Greetings from Oshu City!

In Iwate, we share certain ideals about people coming here from overseas for the ILC. For example, we want you to live comfortably. We want you to feel welcome. We want you to be active and not feel isolated in your new community.

One thing that poses a barrier for that is the language barrier. What’s often brought up in discussions about this is 1. Japanese language education for new international residents, as well as 2. English language education (based on speaking and listening skills) for Japanese people. Of course both of these are important, but the problem with 1, learning the Japanese language, is literacy. The Japanese language uses on a daily basis some 2000-odd characters called “kanji” that stand between any new Japanese language learner and literacy. It depends on the person, but (in my opinion) combined with a full-time job, learning enough kanji to be literate enough to read the newspaper or fill out forms should take a couple of years unless you’re from a country with a related writing system, such as China or Taiwan.

So, in the meantime, how does an international resident fill out forms at city hall, read bus timetables, and find out general living information? Ideally someone fluent in English would always be around to orally explain things, but that is not always possible, plus it is way less efficient than being able to read the material in the first place.

Garbage in many languages!

I don’t know where these cute illustrations for garbage posters and the like come from, but I really like them. Check out that broken robot doll. Did you know that broken robot dolls and CDs are burnable garbage? Now you know.

The solution is simple: all that needs to be done is translation into English. Lots and lots of translation into English.

What is Oshu doing about this? First, I created an English living guide on Oshu City’s website here.

It may not appear very glamorous, but it’s special for a couple of reasons. First, as far as I know, it is the most comprehensive English language municipal living guide within Iwate, and has additional links to the best prefectural and national resources of living information. We are updating this site as needed to improve it. For example, after receiving feedback from friends who do not read Japanese, I recently added a graphic to hopefully make the Oshu City Disaster Preparedness website easy enough to navigate to reach the desired information and either try a translation service on it or ask a friend to translate it.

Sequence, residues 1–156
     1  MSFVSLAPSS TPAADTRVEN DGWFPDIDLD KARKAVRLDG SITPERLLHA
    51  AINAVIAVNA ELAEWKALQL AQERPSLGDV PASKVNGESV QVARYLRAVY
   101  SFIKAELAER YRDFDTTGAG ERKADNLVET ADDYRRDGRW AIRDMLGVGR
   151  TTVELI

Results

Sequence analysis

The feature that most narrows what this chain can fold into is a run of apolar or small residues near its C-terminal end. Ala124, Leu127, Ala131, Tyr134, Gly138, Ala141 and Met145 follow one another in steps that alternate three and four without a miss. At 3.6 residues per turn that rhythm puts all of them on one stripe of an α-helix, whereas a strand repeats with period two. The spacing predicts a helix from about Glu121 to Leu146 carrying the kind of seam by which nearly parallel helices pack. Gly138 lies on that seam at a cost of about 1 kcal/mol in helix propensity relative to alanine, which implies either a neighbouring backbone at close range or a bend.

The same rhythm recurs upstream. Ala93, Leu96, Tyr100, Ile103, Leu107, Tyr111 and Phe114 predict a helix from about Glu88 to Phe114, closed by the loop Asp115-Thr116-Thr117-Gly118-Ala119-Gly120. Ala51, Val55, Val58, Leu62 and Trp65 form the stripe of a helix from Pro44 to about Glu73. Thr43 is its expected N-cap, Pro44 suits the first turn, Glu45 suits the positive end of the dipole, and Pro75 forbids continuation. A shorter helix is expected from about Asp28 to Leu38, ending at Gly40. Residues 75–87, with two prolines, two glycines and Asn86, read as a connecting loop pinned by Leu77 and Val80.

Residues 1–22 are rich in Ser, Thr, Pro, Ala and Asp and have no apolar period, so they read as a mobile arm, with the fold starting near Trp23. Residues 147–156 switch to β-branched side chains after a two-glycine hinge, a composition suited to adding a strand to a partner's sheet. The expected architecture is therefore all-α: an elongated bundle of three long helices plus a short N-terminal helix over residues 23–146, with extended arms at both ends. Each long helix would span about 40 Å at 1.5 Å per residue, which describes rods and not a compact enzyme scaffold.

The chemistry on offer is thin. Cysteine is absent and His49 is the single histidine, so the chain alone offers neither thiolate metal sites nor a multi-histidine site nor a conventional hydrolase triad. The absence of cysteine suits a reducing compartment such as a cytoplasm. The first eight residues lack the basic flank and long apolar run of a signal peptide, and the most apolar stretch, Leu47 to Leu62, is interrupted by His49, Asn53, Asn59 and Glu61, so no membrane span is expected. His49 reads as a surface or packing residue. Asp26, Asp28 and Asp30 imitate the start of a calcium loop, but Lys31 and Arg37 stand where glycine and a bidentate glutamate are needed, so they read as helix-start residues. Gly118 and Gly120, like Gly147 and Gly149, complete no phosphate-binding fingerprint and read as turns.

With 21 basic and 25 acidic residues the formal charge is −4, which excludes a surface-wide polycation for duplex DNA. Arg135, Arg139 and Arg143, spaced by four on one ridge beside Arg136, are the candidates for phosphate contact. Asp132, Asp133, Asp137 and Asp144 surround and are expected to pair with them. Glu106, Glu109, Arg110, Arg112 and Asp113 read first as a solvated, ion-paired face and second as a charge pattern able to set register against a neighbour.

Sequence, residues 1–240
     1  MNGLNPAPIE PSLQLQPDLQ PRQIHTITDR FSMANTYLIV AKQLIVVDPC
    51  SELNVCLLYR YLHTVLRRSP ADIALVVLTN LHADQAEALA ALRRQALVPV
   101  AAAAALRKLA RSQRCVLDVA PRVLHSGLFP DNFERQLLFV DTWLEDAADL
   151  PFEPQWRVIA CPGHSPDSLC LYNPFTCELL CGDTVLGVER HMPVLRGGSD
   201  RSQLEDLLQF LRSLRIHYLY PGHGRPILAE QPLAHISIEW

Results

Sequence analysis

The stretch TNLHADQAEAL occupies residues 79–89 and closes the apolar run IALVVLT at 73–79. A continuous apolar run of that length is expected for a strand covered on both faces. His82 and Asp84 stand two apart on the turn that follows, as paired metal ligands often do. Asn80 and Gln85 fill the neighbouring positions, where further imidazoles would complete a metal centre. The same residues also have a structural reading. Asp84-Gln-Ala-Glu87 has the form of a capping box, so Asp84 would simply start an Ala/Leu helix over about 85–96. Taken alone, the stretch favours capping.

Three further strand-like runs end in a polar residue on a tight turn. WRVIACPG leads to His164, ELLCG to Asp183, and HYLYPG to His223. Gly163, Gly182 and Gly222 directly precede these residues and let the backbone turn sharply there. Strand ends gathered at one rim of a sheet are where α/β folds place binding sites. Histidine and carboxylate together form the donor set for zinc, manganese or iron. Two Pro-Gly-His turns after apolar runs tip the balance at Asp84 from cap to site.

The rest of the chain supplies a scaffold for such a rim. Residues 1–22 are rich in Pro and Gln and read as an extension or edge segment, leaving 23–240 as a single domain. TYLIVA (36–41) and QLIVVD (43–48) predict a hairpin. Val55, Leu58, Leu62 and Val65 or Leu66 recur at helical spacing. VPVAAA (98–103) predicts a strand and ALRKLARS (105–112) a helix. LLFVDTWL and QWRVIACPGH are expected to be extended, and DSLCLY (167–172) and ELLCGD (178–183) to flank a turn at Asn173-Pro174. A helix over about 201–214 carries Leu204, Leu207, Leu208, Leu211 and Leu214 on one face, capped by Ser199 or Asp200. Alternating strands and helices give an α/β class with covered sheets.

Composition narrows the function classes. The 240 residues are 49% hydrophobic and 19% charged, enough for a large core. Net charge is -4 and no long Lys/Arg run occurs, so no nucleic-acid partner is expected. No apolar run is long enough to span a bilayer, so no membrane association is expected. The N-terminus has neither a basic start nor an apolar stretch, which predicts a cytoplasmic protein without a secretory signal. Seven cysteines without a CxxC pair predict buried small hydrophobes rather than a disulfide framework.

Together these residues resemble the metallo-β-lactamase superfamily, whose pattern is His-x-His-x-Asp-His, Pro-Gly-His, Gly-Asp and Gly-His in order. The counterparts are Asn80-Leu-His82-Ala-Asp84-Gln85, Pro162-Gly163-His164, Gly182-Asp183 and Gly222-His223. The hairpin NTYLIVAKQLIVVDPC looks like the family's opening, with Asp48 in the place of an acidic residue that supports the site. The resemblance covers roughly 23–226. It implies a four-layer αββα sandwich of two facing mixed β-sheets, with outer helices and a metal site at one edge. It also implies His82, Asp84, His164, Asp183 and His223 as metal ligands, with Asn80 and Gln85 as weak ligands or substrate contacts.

Second, I have translated English samples of city hall forms including the notification of marriage, notification of birth, forms involving medical subsidies, applications to get tax-related certificates and certificate of residence copies, and notification of moving in and moving out. Again, this may not sound exciting, but everyone coming to live in Japan will use some of these forms to move in or as part of the process for visas. Not only that, but these forms are not unique to Oshu. From what I can tell, notification of birth, death, divorce and marriage forms have exactly the same layout throughout Japan, and other forms may have differing layout by municipality but use the same or similar terms. Making the ILC candidate site an easy place to live is something that concerns an entire area, not just Oshu city, so we of course are making these translations freely available to anyone who wants a copy.

Third, our regional policy division just finished taking applications for subsidies for business in Oshu to make foreign language signage and materials. This time, eight businesses applied. The businesses included restaurants, a hotel, local tourist attractions and organizations involving transportation and tourism. You can look forward to new websites, pamphlets, and menus in English, and in most cases Korean, traditional Chinese and simplified Chinese as well. You will be sure to hear the details these brand new shiny multilingual materials from us in the future! We will also have the same subsidy in place next fiscal year.

I’ve often heard in talks about the ILC that it could become a place to showcase new ways of life, a new way to be for Japan. For example, the ILC candidate site could be a model for sustainability and green energy. This is a very exciting idea. I am just as excited about the possibility of this area becoming one of the most international resident friendly places in Japan, and we are working towards this ideal from modest beginnings, one garbage poster at a time.


今日はゴミの分別ポスター、明日は国際的なメッカ!※[7号]  トマス アンナ(奥州市)
※ 実際は、「明日」ではありません。